[What follows is an excerpt from a column by Richard Ingrams published in The Independent on this date in 2009:]
There is never enough evidence
We are not looking for anyone else. That is the traditional response of the police when faced with the acquittal of men they are convinced were guilty all along. They were at it again this week when three men accused of assisting the 7 July suicide bombers were found not guilty. Andy Hayman, former commissioner of Special Operations at Scotland Yard, wrote of "a sense of bitter disappointment" at the acquittal of the men. And this he said was probably "the last throw of the dice". The police had done a very thorough investigation but the evidence was "not convincing enough".
The implication is clear. The men were almost certainly guilty. The police just didn't have the evidence to prove it. At no point was Hayman prepared to admit that they might just have been innocent. As it happened, the acquittal of the three men coincided with the reopening of an appeal case in a terrorist attack far more serious even than that of 7 July – the Lockerbie bombing of 1988 which resulted in the deaths of 270 people.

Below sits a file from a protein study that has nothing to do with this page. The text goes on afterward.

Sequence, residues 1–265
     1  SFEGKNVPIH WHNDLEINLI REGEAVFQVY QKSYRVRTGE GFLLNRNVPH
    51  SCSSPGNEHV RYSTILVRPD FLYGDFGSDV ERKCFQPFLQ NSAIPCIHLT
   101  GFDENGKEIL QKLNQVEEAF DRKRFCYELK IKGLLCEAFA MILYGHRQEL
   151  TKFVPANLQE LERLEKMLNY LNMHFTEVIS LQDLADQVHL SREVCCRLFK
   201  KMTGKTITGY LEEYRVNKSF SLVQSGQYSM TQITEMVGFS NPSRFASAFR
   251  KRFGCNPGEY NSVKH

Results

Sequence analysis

The Libyan convicted of the bombing, Mr Ali Mohmed al-Megrahi, began an appeal in Scotland against his conviction in 2001. Megrahi did not have the benefit of a jury trial but was found guilty by three Scottish judges who persuaded themselves that he had put a bomb in a suitcase in Malta which went unaccompanied to Frankfurt where it was loaded on to another plane to Heathrow before being transferred on to Pan Am Flight 103 to the US and exploding over Scotland.
Should Megrahi's appeal succeed, it will be interesting to see if the Scottish police say that they are not looking for anyone else.